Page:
WORLD-LEADING Antarctic research will be conducted at Launceston's Australian Maritime College over the next two years, with the results expected to unearth never-before-seen findings about the frozen continent. Earlier this month, the federal government poured $24 million into a three-year Antarctic Gateway Partnership with Tasmania. The partnership will focus on technology development, charting services and employment, culminating with a series of new research expeditions to Antarctica.
The AMC has received about $7.5 million of the $24 million grant and will focus on marine technology development. The plan: to create a world-first underwater robot that can document unexplored Antarctic ocean terrain.
In the long-term the robot's findings could be used to better understand the impact of climate change in Antarctic ecosystems.
AMC autonomous underwater vehicle expert Dr Alex Forrest says the three-year program will turn Launceston into a centre of excellence for Antarctic research. "It's certainly world-leading, no questions asked," he said yesterday.
"There are four themes of the gateway: ice shelve cavities, marine biology, solid earth [glaciers], marine technologies. "Basically, AMC is leading the fourth theme. We're developing a new AUV that can go underneath ice shelve cavities and look at biology and provide feedback for all of the other research themes."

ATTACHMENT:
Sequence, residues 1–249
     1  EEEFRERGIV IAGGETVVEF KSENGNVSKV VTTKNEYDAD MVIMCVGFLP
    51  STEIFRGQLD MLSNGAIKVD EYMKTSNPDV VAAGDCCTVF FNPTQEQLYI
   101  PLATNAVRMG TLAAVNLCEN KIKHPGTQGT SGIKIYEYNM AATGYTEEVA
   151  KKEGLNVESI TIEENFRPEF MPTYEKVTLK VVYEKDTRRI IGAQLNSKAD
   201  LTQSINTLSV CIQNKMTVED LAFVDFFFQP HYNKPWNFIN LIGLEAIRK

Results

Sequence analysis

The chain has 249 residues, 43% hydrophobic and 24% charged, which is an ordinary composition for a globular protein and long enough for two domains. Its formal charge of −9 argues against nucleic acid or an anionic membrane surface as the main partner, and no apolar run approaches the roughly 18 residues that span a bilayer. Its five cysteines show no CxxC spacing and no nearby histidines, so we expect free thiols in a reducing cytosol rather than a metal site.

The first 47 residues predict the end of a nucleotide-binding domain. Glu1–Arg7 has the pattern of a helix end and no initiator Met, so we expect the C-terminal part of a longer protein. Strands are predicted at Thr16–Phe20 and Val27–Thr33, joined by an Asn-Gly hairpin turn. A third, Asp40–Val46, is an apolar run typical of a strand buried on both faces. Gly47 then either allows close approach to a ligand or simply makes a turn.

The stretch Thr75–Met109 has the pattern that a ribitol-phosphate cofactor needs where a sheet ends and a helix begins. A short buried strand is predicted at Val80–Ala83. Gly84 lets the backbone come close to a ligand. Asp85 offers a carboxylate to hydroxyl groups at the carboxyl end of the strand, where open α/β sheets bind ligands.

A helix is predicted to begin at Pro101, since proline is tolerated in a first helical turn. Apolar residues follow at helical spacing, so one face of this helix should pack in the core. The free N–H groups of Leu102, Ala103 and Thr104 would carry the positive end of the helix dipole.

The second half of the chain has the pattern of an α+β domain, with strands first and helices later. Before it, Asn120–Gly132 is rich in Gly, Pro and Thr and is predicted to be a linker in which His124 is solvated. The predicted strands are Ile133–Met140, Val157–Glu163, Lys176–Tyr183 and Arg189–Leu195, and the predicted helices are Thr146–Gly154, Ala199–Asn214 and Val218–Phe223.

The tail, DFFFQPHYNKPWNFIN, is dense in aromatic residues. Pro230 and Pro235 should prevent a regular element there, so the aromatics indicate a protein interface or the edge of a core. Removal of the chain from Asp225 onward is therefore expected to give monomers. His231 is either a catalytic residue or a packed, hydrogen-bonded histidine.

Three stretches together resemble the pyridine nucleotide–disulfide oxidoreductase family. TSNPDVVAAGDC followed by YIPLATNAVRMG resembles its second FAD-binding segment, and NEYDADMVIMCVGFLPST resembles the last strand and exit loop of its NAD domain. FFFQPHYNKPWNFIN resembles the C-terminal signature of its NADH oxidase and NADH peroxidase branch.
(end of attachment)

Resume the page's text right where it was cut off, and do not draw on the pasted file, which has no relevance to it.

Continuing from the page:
Dr Forrest said he was envisioning challenges, however. "We need to build a vehicle and we need to build it quickly. "In that grant we have four positions funded as well. So we not only have to get the critical mass in terms of people, we have to get the people on board very quickly, track them coming to Launceston and then build a vehicle that can be ready to deploy in Antarctica, explore ice and then relay the findings to the other themes within two years."
Exploring "the interesting science questions" will drive the local research team, with Dr Forrest confident the findings will open the door to greater Antarctic knowledge for future generations. "If you only have a hammer, everything looks like a nail," he said.
"We don't want to have this one vehicle and use it everywhere. We want multiple different vehicles and the support system necessary to tackle a series of different projects. "In essence, these robots are relatively simple. We're basically taking a cylinder, sticking a propeller on the end and driving it around. "But it's the range, the capabilities, the instruments it's measuring and the data it's receiving. I'd like to think we're creating the next generation."
The AMC research team will hold an Antarctic Gateway workshop in the coming month to brainstorm ideas.